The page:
Elon Musk Sold PayPal, Didn’t He, So We View Tesla as Takeover Candidate
Elon Musk’s latest company, SolarCity (SCTY), went public last week and staged a big first-day “pop” in spite of the fact that bankers had to trim the size of the deal and get Musk and other backers to buy stock as part of the IPO rather than selling into the deal – the more traditional approach.
So, what’s happening at Musk’s other brainchild, electric automobile manufacturer Tesla Motors (TSLA)? Investors have been on a long and bumpy road, as the company has forged ahead to make its Model S electric car a reality, and developed partnerships with Toyota (TM) and Daimler AG that have helped it produce those automobiles at a lower cost than would otherwise have been possible. Certainly, the company’s share price marks it as one of the most interesting and long-term IPO successes of the last few years, as seen in a stock chart.
There are, at last, some signs that that stock price gain may be justified by more than just the conviction among investors that the great product that Tesla has created can be the foundation of a profitable company. Musk announced earlier this month that Tesla finally has become cash flow positive at the end of November, meaning that investors who have been worried that the company will struggle to finance the production of its new Model S vehicle can breathe a little easier.
But being cash flow positive is only half the battle, and that won’t last for long if the company can’t boost its profit margins, as indicated in the chart below. Right now, the data suggests that every vehicle it manages to sell is being sold at a loss.
At the beginning of the fourth quarter, Tesla had said it was producing only about five cars a week at its California factory; that figure now is close to 200 a week. That’s a big improvement over the 268 it sold during all of the third quarter, but still only half of its target rate. Tesla needs to hit that target, and do so at its new, higher prices, if it is to continue developing new models, like the electric Model X, an SUV.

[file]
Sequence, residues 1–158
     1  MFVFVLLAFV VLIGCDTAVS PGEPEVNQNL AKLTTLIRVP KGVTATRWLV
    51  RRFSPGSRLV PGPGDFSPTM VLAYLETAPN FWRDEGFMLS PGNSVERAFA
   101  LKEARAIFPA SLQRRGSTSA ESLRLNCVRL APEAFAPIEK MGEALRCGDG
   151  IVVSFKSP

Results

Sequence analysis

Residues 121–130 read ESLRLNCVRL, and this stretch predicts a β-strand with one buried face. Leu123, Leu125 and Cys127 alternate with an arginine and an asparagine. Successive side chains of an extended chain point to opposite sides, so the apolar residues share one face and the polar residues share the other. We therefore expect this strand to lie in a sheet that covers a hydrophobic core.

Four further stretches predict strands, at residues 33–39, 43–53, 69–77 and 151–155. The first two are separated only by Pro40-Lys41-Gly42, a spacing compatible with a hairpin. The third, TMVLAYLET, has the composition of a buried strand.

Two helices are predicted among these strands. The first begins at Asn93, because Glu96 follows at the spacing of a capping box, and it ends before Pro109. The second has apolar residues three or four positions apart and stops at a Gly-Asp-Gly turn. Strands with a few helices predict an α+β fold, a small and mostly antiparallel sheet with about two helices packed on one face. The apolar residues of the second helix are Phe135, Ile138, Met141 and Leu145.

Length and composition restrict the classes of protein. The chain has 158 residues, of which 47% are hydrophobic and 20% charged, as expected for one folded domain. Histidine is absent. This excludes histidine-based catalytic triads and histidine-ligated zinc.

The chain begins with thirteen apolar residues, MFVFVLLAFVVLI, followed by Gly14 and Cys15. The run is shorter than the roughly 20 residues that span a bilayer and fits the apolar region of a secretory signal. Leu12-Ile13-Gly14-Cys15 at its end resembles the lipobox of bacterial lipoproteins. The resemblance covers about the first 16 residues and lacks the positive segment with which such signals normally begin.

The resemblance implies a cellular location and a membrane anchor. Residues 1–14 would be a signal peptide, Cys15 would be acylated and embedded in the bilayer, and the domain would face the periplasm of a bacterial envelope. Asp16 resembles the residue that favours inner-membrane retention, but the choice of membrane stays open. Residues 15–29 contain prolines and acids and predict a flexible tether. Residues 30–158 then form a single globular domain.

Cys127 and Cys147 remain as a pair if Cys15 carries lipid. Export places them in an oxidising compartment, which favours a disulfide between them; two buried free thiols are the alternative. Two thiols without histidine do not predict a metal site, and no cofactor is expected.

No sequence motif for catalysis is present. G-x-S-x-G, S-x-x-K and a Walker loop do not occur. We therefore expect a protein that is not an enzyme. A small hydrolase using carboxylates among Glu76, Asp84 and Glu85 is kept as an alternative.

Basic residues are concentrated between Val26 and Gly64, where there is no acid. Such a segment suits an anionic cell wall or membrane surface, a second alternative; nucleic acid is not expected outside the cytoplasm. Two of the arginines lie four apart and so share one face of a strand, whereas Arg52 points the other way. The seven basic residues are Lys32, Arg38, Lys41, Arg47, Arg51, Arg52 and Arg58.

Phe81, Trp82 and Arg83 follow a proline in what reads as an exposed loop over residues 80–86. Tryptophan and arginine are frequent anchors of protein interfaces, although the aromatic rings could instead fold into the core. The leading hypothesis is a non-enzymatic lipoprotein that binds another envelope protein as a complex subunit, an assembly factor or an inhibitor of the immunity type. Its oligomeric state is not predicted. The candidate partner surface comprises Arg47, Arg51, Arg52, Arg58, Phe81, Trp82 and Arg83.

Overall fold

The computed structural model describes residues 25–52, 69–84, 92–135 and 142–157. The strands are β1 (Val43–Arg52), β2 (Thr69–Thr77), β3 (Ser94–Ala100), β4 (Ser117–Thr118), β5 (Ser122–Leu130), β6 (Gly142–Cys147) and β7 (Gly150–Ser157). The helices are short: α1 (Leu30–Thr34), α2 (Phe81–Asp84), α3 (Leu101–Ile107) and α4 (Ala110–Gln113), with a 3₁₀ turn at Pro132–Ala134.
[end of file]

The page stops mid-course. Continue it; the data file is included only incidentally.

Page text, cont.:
Tesla – in contrast to cash-strapped, struggling Fisker Automotive, its rival – has managed to take the century-old automotive manufacturing business into the 21st century, and this year the Model S won Motor Trend’s coveted “Car of the Year” award. Ultimately, however, it may end up being more attractive as a takeover candidate than as an investment in its own right. Given that virtually every major automaker – including Ford (F) and General Motors (GM) -- wants to find a way to nail down the growing market for electric vehicles, Tesla’s ability to win brand recognition and consumer loyalty will make it a great acquisition target. Musk, co-founder of one of PayPal’s two original companies, has already shown that he is willing to accept the proverbial bird in the hand rather than hold out for something bigger and better, but uncertain: PayPal was sold to eBay (EBAY) for $1.5 billion more than a decade ago, and now generates about 40% of eBay’s revenues. (Musk has said he believes Tesla can succeed as an independent company.)
If you decide this is a stock you want to own as a pure play on the electric car market, be prepared for a long, winding and rather bumpy road as Tesla slowly ramps up production and battles for market share among the giants. On the other hand, to the extent that it succeeds, odds are that it will emerge as an even more alluring acquisition target for automakers worldwide – and that might be where the real value lies.
Suzanne McGee, a contributing editor at YCharts, spent nearly 14 years as a reporter at the Wall Street Journal, in Toronto, New York and London. She is also a columnist for The Fiscal Times, and author of "Chasing Goldman Sachs", named one of the best non-fiction books of 2010 by the Washington Post. She can be reached at email@example.com.